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Golf Jewelry, from the Greeks to the greens of today

18k Gold Golf Club Necklace With a Diamond Lifestyle v2

There are over six million lady golfers around the world, sharing the challenges, joys, frustrations and victories that make the game what it is. Their numbers are increasing faster that the men’s, with about 800,000 new women actively coming into the sport during the “pandemic surge” of 2020-21.

TOMO salutes these vibrant, active women with her new Golf Necklaces, designed to be sleek and dynamic, capturing the spirit of today’s lady golfer, who brings a fresh energy and style into the rather staid, historically male-dominated sport. But women have been part of golf’s history since the beginning. 

In fact, it was a woman who created the first ball for play, well before golf existed. Ancient Greek poet Homer writes that in about 1100 BC, a Princess Anagalla of Corcyra made a leather-clad ball for Princess Nausica of Phoeacia, and taught her to play a game called hand-ball.

“O’er the green mead the sporting virgins play,

Their shining veils unbound, along the skies,

Tost and retost, the ball incessant flies.”*

Ball sports evolved over the centuries and around the world, as competitive, innovative women (and eventually men) went from tossing the ball back and forth to hitting with flat sticks, then racquets, and bent (bandy) clubs. In about the 13th Century AD “bandy ball” developed into goff or golf in The Netherlands, although similar stick and ball games were played in China and elsewhere. Scotland, however will always be the motherland of golf for most duffers.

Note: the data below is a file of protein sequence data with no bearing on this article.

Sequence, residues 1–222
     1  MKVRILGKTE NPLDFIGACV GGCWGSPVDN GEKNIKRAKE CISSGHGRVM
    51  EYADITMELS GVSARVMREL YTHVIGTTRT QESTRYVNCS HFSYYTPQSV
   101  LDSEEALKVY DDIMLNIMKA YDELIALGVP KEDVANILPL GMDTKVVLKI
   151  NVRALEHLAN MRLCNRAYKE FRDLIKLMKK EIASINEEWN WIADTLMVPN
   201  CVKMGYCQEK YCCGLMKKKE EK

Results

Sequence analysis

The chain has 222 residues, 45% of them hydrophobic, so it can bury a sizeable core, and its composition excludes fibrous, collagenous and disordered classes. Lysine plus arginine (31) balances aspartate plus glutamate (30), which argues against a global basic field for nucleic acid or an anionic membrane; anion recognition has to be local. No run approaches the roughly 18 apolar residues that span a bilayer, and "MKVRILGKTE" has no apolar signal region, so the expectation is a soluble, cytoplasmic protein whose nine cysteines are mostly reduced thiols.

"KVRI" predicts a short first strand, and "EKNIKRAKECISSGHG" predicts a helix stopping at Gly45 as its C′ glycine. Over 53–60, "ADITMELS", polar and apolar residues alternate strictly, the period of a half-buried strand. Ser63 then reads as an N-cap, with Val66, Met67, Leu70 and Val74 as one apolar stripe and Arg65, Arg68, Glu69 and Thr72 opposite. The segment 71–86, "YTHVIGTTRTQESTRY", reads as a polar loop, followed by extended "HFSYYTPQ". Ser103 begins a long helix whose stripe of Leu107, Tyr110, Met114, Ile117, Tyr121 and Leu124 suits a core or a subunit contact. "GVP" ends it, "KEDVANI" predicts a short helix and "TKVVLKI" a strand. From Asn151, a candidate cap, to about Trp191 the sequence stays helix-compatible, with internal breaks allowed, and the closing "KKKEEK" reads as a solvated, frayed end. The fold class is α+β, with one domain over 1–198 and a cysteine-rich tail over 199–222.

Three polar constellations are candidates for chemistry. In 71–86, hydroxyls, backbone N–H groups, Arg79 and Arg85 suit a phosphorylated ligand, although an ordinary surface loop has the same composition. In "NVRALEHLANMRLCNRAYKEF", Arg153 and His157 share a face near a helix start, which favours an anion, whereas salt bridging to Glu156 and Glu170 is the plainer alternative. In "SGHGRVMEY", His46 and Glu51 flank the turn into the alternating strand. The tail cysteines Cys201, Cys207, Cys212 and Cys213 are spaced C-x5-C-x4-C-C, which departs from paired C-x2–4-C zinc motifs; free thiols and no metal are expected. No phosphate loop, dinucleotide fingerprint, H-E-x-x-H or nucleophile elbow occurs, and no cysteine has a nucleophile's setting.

Queen Mary Stuart of Scotland played golf in the 16th Century. According to, “Tradition has it that Mary Queen of Scots once lost a golf match to her lady in waiting, Mary Seton, whose family home was Seton House, and afterwards the Queen presented Mary Seton with a necklace as a reward. It was sold at Christie’s in February 1894 for £365, which would now be a substantial amount.”

If the story is true, the Mary Seton may be considered the first professional golfer, and that necklace the very first golf necklace. This storied piece, in the fashion of the day, was most likely quite ornate, an adornment of gemstones and pearls, connected with heavy gold links, similar to this. The elaborate necklace speaks of elegant-yet-energetic women who loved fine, fanciful, colorful things. Things that celebrate women and friendships in the spirit of play.

There are so many choices for today’s lady golfers: from designer watches and fitness trackers, to precious metal ball markers, bracelets for balance and focus, lucky charms and championship rings. Paula Creamer, one of the most stylish people in golf, always wears beautiful jewelry on the course. Lexi Thompson has her signature ladybug earrings. Michelle Wie has created her “resilience” bracelet to support Maui’s recovery. 

TOMO invites you to see her beautiful new Golf Collection, for yourself or the lady golfer in your life.
*The Sports and Pastimes of the People of England, Joseph Strutt, 1895 (The Gutenberg Project)